The Pledges of COP26: Week Two

Today marks the last day of the COP26 climate conference summit, in which hundreds of nations came together to listen to seminars about the impact of global warming, climate change and the carbon footprints of the energy sector. Highlighted in last week’s blog post (linked here for further reading, the first week of COP26 showcased a positive approach towards the future of the climate, with several important pledges signed by hundreds of nations.

However, as the second week of the conference proceeded, the bright outlook towards the fight against climate change appeared to have dampened. Nations reversed their pledges to certain commitments (or example Indonesia pulled out of the deforestation treaty), the view from environmentalist saw nations not putting enough effort in and a report from the Climate Action Tracker projected that with the current implements against climate change, the global climate would still rise by 2.4C, a detrimental increase in temperature which would see irreversible damage to the planet.

Therefore, on the final day of COP26, a representative from each nation must sign an agreement proposing the way in they will implement change to win this battle against climate change. A second draft of the document was revealed this morning after the initial draft released on Wednesday was critiqued for its lack of urgency towards tackling carbon emissions. The main point within the agreement highlights the usage of fossil fuels, most prevalent the use of coal, as well as how developed countries who produce a majority of the harmful emissions will financially assist developing nations which are most affected by climate change. There are reports that there is a lot of push back from richer nations to assist those without the same opportunity, however the conference will not end until the document has been unanimously agreed upon, with negotiations pushing the summits end later and later.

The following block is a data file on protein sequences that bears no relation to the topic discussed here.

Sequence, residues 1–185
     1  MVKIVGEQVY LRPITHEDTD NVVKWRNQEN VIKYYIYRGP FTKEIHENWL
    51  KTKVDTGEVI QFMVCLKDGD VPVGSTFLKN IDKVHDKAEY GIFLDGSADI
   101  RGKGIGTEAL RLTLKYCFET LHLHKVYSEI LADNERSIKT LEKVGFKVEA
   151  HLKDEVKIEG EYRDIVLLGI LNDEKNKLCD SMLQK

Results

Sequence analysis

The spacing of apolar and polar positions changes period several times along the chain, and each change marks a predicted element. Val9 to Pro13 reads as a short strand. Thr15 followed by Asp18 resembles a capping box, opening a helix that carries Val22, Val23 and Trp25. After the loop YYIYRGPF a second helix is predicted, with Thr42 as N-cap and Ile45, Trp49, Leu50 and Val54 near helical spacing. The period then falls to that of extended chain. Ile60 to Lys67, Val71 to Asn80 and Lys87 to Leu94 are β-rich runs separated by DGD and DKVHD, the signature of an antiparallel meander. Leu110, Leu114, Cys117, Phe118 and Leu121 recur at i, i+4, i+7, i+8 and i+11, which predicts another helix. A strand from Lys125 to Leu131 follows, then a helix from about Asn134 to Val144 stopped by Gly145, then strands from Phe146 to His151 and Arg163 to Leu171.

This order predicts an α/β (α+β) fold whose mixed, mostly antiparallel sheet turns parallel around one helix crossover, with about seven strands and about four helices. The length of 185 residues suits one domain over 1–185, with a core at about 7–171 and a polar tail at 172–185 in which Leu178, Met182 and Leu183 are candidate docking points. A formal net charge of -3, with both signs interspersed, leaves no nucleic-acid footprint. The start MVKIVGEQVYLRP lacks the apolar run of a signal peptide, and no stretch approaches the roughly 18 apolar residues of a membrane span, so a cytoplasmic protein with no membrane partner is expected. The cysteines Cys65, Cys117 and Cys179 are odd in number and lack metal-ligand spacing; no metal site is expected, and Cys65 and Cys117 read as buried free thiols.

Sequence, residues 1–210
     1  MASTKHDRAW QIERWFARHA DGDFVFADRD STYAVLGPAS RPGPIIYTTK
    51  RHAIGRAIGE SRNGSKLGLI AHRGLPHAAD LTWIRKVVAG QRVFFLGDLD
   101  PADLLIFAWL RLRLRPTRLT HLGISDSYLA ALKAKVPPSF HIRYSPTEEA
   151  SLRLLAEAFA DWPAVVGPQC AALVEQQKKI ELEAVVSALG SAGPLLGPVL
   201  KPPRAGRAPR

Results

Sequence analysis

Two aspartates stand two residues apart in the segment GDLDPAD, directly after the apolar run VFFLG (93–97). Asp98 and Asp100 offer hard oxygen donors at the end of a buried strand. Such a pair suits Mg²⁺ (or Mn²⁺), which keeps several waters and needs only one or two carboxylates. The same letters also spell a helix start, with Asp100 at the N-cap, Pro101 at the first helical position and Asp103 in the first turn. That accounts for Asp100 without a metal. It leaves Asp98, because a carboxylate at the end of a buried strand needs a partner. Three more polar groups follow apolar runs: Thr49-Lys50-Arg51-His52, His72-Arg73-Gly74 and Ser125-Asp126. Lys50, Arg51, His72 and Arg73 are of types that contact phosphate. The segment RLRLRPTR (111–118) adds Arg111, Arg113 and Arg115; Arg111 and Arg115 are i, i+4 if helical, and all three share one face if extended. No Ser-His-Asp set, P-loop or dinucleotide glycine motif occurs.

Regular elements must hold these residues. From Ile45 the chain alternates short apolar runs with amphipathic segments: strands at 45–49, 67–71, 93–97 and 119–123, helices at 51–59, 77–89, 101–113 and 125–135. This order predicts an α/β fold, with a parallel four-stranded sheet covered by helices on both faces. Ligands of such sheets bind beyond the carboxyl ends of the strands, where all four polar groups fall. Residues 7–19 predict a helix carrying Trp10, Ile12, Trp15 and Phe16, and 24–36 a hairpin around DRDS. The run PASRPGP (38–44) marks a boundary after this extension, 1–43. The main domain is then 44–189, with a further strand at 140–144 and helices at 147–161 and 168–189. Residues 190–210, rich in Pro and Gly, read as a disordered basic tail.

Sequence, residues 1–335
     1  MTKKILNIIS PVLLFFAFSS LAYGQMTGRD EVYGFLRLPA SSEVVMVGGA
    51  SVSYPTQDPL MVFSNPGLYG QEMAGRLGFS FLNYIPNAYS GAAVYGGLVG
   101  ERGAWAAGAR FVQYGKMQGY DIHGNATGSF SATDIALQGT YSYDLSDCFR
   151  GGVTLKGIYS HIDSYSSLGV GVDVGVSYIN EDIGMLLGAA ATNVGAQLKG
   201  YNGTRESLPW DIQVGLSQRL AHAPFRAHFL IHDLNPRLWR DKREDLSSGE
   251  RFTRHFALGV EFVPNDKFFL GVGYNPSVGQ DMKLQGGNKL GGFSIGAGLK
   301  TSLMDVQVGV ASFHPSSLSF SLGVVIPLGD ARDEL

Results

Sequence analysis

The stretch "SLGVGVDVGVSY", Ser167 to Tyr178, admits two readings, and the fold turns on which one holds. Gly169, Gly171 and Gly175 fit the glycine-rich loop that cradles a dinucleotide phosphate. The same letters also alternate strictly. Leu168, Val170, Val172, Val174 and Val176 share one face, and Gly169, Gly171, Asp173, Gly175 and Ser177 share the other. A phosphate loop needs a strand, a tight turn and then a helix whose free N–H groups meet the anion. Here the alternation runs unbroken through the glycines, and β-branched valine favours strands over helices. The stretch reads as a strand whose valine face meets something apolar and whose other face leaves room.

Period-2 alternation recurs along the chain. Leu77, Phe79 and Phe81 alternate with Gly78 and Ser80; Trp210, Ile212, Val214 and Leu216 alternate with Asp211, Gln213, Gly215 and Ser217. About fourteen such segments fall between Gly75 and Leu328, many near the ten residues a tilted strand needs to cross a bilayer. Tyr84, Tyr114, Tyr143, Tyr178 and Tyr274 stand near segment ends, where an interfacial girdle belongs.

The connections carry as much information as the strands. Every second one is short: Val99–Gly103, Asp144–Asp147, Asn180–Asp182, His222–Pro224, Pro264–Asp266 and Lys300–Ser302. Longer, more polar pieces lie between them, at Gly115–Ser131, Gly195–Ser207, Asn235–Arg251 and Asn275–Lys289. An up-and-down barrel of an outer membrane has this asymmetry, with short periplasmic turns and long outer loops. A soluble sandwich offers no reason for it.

Regardless, the summit has seen some important pledges this week. The UK government proposed a pledge that would see all new heavy goods vehicles to be zero-emission by 2040. Alongside the commitment to stop production of domestic internal combustion vehicles by 2030, meaning that by 2040 all new vehicles produced in Britain will be completely electric. Additionally, the government signed a pledge committing all UK health services to achieve net zero emissions through a new global health program. Alongside the UK, 47 other nations pledged to develop low carbon and climate resilient health systems.

Finally, the last big promise from the UK government came in the form of a new £290 million funding scheme to reverse the impact of climate change in developing nations. The focus of the funds will be going to Asian and Pacific nations to invest in climate action, conservation, and low carbon development. With the summit situating in Glasgow, the UK have been at the forefront of the climate actions and with the pledges signed over the past two weeks It appears the government have a foot in the right direction, yet it will be interesting to see if it is enough to maintain a safe global climate temperature.

It is of note to mention that there are some commitments the UK have not entirely backed, this includes a coalition led by Denmark and Costa Rica which has pledged to halt the licensing of oil and gas production as a step to phase out fossil fuels. Ten nations have vowed to the ‘Beyond Oil and Gas Alliance’, including Ireland and Wales, yet the UK has not backed this proposal as a whole nation.

COP26 has been a fascinating event bringing the conversation of climate change to the forefront of both the popular conscious, as well as the leaders and representatives of the nations which are able to effectively alter the course of the future. It will be interesting to witness how the pledges made at the summit will be adhered to after the event, as well as what the final confirmed agreement will entail.